Painleve - It came to appear that, between two truths of the real domain, the easiest path quite often passes through the complex domain.
Hadamard - It has been written that the shortest and best way between two truths of the real domain often passes through the imaginary one."
Read first "The Magic Wand Theorem of A. Eskin and M. Mirzakhani" by Anton Zorich for motivation on Riemann sufaces.
And, "A Singular Mathematical Promenade" by Etienne Ghys (particularly p. 87-93 and glance at the Wikipedia article on monodromy).
To understand integral transform solutions (Mellin, Laplace, Fourier) to pdes, you need to understand poles and branch cuts of complex functions.
Solutions to Laplace's equation in two dimensions are called harmonic functions that are the real and complex components of a complex function and give mutually orthogonal contour lines on the complex plane and Riemann sphere.
From "THE THEOREM OF RIEMANN-ROCH AND ABEL’s THEOREM" by Siu:
The theorem of Riemann-Roch and Abel’s theorem could be interpreted as answering the question: for which configuration of charges, dipoles, or multipoles on a compact Riemann surface of genus ≥ 1 would the flux functions (whose level curves are the flux lines and which are the harmonic conjugates of the electrostatic potential functions) in the case of the theorem of Riemann-Roch, or their exponentiation after multiplication by 2πi in the case of Abel’s theorem, be single-valued on the Riemann surface so that the flux lines are closed curves?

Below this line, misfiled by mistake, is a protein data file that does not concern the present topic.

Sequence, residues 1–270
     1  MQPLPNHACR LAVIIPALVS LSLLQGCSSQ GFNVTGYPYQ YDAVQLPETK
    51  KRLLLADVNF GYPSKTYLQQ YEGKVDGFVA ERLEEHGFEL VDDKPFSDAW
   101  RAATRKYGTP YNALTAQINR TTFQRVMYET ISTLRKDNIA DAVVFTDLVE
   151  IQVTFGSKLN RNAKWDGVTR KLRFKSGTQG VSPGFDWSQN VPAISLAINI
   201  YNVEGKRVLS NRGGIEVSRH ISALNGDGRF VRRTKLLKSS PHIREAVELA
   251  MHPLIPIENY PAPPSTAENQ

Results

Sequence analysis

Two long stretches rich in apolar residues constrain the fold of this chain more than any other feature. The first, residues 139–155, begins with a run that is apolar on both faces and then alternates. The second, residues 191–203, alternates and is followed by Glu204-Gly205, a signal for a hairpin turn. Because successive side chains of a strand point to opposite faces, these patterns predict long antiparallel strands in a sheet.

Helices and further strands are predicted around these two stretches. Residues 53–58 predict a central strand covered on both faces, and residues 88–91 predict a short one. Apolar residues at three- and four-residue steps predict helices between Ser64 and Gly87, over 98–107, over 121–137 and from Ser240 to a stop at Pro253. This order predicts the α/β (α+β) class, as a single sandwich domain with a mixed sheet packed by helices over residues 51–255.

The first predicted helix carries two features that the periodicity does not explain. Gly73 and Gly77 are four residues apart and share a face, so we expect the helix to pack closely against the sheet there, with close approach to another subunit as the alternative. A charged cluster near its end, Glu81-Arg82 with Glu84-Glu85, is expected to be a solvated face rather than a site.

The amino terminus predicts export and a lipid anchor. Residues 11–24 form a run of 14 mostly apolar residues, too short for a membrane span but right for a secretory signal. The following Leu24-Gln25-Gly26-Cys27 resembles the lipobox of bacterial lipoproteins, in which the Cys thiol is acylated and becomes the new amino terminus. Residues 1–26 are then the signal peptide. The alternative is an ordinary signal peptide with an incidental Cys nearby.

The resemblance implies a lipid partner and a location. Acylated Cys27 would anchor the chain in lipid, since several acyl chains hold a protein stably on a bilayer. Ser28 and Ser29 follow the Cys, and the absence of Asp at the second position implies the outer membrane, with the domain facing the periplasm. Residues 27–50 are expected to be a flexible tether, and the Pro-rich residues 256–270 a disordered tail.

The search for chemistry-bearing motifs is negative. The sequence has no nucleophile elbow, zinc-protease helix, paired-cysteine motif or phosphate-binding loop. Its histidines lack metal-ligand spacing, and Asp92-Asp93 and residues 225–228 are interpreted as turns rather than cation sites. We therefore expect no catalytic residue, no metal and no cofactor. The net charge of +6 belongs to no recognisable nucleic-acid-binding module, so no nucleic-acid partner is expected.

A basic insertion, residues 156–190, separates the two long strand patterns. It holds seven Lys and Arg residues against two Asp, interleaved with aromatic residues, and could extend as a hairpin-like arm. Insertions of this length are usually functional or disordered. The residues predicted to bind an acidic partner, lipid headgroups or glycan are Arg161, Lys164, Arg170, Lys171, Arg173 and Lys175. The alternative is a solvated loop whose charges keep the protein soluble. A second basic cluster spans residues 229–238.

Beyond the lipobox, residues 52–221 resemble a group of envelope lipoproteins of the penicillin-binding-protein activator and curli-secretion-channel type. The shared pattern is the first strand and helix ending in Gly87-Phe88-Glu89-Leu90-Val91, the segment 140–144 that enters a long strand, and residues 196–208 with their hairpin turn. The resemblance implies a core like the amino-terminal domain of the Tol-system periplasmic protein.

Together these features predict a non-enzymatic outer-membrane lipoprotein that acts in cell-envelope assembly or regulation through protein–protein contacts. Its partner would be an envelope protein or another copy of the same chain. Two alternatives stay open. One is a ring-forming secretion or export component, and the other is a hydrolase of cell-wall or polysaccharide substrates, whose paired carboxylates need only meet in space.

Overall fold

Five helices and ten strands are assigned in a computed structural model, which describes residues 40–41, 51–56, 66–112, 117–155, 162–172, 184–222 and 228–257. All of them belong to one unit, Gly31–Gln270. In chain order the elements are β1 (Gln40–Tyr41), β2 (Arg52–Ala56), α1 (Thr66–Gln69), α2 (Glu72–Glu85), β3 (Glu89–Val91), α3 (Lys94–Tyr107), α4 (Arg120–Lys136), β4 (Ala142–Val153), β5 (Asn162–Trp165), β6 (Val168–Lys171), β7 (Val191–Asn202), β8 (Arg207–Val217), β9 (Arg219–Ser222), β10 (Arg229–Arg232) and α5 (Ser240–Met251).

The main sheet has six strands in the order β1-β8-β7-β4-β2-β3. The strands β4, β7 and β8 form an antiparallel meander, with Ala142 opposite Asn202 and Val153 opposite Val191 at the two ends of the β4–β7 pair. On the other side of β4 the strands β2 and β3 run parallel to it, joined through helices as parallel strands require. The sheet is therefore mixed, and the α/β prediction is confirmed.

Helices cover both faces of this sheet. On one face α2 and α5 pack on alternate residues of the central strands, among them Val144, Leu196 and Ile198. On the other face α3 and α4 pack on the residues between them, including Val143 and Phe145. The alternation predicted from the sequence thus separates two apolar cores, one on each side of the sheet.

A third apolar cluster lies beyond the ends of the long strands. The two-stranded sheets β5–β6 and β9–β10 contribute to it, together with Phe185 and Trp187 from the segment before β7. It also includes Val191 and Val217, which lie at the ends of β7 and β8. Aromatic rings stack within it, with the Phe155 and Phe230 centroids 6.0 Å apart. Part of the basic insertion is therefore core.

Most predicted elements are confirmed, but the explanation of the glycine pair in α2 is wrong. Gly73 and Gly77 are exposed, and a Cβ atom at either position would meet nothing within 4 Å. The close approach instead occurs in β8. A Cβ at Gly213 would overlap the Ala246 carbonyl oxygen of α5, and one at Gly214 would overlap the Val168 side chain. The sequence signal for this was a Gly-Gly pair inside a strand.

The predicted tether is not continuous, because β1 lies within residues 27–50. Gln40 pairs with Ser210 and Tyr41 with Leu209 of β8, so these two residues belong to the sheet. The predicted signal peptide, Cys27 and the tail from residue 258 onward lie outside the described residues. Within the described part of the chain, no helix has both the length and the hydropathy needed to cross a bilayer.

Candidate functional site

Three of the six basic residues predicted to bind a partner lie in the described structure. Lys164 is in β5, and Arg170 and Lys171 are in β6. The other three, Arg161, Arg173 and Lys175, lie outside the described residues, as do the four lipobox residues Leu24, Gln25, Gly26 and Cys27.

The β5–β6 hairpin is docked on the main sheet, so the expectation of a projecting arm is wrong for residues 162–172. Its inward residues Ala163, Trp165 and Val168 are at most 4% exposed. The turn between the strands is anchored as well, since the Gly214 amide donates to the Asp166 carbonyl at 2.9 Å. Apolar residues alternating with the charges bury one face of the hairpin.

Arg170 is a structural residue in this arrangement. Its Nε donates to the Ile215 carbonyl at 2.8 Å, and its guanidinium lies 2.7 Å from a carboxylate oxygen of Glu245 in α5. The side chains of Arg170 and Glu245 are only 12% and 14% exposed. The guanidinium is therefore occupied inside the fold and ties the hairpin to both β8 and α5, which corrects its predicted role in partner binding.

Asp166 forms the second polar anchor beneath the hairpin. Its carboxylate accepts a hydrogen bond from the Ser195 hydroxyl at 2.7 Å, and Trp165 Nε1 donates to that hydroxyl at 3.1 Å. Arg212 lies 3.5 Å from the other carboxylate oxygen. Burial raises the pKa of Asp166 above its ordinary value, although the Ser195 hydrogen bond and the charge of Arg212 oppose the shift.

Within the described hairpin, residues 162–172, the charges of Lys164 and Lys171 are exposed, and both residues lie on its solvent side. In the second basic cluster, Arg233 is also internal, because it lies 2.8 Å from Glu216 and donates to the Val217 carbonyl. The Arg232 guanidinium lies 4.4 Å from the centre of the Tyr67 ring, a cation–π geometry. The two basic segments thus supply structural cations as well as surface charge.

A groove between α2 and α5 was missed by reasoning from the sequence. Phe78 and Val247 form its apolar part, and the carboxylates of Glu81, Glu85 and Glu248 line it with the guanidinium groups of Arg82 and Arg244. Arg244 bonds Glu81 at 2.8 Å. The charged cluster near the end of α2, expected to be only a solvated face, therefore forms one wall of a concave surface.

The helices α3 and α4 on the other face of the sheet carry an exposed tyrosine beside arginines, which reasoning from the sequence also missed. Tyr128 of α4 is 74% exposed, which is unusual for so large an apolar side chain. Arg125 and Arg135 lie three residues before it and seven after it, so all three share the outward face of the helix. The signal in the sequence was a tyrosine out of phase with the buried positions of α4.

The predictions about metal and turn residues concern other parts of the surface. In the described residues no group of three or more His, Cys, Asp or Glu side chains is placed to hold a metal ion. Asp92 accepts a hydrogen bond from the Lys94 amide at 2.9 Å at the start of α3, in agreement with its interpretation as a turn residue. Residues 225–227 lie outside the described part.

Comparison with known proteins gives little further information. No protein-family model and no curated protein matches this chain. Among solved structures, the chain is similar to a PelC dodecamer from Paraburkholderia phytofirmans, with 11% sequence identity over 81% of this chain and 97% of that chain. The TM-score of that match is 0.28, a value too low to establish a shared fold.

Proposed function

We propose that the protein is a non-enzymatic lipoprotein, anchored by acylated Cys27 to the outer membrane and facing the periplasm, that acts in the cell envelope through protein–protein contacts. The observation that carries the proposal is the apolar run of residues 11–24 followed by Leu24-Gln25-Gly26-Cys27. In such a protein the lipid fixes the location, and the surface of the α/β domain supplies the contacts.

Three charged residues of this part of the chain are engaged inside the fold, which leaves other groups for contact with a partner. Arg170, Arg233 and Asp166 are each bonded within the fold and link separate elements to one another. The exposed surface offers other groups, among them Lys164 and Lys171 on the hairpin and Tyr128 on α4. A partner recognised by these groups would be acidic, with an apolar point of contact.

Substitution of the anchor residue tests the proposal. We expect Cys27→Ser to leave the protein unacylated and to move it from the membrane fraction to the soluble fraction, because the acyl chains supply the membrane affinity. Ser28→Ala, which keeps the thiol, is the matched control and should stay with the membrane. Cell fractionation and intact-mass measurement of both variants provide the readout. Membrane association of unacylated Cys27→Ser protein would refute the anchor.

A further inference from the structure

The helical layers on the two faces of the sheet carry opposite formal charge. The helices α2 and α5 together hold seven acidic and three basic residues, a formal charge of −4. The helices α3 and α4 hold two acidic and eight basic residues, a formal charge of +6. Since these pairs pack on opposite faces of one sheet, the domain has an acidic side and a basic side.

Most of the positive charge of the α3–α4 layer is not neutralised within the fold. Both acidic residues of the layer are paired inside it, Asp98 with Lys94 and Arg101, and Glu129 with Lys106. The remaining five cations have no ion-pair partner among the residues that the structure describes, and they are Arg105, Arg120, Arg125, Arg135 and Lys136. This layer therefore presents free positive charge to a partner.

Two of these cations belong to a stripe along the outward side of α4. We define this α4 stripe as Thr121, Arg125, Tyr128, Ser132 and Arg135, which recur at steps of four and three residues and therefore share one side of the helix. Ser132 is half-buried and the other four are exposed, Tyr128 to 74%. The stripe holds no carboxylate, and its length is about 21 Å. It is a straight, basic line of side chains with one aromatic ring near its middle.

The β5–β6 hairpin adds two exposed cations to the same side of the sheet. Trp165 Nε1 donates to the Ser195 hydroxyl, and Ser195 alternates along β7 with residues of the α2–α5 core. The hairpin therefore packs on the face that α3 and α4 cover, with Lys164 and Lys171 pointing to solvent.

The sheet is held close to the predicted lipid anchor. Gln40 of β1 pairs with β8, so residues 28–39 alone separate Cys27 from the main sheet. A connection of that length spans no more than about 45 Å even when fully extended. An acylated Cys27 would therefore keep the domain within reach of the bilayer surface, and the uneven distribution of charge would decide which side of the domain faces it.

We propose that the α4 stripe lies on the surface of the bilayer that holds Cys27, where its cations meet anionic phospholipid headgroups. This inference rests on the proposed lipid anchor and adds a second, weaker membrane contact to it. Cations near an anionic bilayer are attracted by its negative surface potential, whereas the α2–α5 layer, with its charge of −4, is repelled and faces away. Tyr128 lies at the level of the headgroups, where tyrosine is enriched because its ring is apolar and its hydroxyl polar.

At a more basic level for numerical analysis, in understanding convergence of real power series and, therefore, series solns. to pdes, you need to understand singularities (poles and branch cuts in the complex domain) and these involve Riemann surfaces.
Same for Newton (finite difference) and sinc function (Nyquist-Shannon) interpolations of sequences of real/complex numbers and their numerical analytic continuations and for asymptotic series a la Poincare. (Norlund, Poincare, and Berry wrote well on these topics.)
Helps in understanding convolutions, Dirac Delta functions and their derivatives, and, therefore, fractional calculus and operational calculus.
Necessary in understanding basic string theories.
The list is endless. Without such knowledge, you live (perhaps blissfully) in Abbott's Flatland.
The examples really suggest that you may be imposing a gratuitous, restrictive dichotomy--there is plenty of synergy between the study of numerical analysis and Riemann surfaces and both provide paths to other intriguing areas of the grand, evolving tapestry of mathematics, engineering, and science. (Of course, if you are looking where the money is in America, well I suggest a medical degree or starting a munitions factory.)